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UNLAWFUL DISORDER by David Jackson  Ambrose


by David Jackson Ambrose

Pub Date: May 31st, 2022
ISBN: 978-1-938841-97-2
Publisher: Jaded Ibis Press

In Ambrose’s novel, a Black gay man with bipolar disorder navigates a mental health system and financial troubles.

One day in 2010, in Norristown, Pennsylvania,Bowie Long, still dressed in his pajamas, went to visit his mother at work at the county administration building with the intention of asking her for his check from Social Security; then, for reasons he doesn’t fully understand, he tried to kill her. Now he’s in a state mental facility, where he’s never been before:“The state hospital was the place of last resort. The place for the true loons. Or those that didn’t have insurance to pay for anything else. There were no perks here.” The 32-year-old Bowie was diagnosed with bipolar disorder years ago and has long heard voices in his head. He’s soon let out of the hospital, but this just puts him back into his chaotic home life. He and his mother, Magdelene—who quickly forgives him for trying to murder her—are both gambling addicts, and often spending their scant money on the slots at the local casino. Bowie isn’t above doing sex work here and there to make a couple extra bucks, as well. At home, though, his mother berates him constantly and makes him uncomfortable by frequently being naked in his presence. The only bright spot in his life is his sometime-lover, Eden, a compassionate man who desperately tries to save Bowie from bad choices. As Bowie navigates the mental health and legal systems during one crisis after another, Eden attempts to help him deal with a childhood trauma that might be contributing to his problems—but, Bowie wonders, is he simply too far gone to ever lead a normal life?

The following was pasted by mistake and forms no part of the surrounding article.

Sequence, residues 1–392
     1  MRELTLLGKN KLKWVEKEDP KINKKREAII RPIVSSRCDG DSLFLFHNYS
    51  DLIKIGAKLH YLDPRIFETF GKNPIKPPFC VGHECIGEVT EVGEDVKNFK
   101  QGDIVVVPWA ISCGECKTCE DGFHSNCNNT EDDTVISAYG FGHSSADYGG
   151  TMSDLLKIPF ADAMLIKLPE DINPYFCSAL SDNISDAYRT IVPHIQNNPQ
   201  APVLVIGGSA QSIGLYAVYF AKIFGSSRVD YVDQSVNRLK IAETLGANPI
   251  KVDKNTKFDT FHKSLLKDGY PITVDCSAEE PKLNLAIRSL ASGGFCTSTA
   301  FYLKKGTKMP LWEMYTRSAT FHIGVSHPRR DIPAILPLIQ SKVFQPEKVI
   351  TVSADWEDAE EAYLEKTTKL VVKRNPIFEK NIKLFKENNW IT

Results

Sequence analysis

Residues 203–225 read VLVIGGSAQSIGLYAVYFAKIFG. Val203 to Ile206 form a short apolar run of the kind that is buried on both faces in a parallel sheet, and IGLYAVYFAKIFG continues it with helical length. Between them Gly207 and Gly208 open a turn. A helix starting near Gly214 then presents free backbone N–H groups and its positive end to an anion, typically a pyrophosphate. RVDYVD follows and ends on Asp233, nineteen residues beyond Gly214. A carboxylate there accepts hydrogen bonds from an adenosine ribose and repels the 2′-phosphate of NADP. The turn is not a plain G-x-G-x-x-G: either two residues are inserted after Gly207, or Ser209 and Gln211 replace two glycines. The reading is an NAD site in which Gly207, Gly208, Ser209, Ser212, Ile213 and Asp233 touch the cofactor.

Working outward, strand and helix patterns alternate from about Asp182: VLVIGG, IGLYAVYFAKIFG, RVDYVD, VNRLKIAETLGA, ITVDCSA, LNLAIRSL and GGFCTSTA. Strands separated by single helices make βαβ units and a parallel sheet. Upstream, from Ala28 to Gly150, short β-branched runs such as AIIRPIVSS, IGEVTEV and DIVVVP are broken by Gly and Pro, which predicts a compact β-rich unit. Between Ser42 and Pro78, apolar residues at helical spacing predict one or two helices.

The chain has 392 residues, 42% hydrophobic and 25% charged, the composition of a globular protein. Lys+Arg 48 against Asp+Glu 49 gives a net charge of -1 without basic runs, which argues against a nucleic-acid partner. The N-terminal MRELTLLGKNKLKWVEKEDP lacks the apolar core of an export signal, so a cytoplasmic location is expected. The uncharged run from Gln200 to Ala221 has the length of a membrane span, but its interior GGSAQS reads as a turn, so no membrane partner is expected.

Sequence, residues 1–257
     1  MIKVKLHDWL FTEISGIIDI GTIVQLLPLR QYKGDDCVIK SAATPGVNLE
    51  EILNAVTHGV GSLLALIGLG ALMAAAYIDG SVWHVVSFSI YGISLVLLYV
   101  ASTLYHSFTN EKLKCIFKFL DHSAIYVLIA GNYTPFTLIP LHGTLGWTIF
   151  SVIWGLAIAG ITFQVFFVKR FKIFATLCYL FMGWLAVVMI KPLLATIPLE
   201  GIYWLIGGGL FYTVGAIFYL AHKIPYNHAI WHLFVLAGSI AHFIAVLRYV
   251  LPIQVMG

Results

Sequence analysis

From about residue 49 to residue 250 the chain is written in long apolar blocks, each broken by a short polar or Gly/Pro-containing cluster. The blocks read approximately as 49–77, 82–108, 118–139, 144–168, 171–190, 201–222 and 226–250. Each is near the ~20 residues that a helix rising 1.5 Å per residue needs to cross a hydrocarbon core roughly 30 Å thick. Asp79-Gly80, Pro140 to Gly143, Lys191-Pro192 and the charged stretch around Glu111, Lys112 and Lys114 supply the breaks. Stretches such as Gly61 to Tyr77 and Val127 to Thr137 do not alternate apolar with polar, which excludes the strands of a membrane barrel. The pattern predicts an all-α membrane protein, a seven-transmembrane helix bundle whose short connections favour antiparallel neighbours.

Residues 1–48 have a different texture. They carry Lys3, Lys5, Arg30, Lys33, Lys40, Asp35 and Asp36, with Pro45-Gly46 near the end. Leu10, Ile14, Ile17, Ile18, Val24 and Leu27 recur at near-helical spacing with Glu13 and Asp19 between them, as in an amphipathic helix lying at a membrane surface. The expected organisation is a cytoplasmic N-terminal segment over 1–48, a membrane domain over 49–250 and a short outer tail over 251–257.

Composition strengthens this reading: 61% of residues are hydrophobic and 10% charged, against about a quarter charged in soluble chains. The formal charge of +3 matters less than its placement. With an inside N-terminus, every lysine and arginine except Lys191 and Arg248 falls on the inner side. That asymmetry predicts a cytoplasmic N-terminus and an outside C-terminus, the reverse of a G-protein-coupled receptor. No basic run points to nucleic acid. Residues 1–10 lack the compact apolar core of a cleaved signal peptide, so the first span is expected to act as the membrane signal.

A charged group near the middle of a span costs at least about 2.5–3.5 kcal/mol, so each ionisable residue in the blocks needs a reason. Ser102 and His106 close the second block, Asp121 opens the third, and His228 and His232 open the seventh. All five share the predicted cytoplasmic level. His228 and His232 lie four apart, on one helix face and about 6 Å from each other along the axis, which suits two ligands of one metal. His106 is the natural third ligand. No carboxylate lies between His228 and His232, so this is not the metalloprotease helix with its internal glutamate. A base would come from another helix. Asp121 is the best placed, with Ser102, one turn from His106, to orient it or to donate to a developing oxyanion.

Over the course of this novel, Ambrose shows himself to be a terrific writer on the sentence level, capturing Bowie’s claustrophobic, paranoid existence in a way that will keep readers on their toes, as when Bowie rages against his keepers at the state hospital: “After the tenth hour, he did what it seemed they had been waiting for. He leaped up, screaming, and threw a chair. They descended like night, pinioning him beneath their weight, ignoring his outbursts, his demands to go home.” Bowie is a memorable protagonist, and Ambrose elegantly brings this sympathetic and deeply troubled man to life. Magdalene is a brilliant villain, whom the author portrays as just as psychologically complex as her son. The novel is a bit too long at nearly 400 pages, as the ups and downs become a bit repetitive over the course of the work. However, it remains a breathless read, effectively capturing the messiness of mental health and the maddening bureaucracy of the system in place to treat mental illness. It also demonstrates how traumas and living conditions can exacerbate one another, keeping a person trapped in a cycle of ill health and poverty. Overall, it’s a story that truly fixes the reader in the chaos of another person’s mind.

A startling and rewarding story of pain and alienation.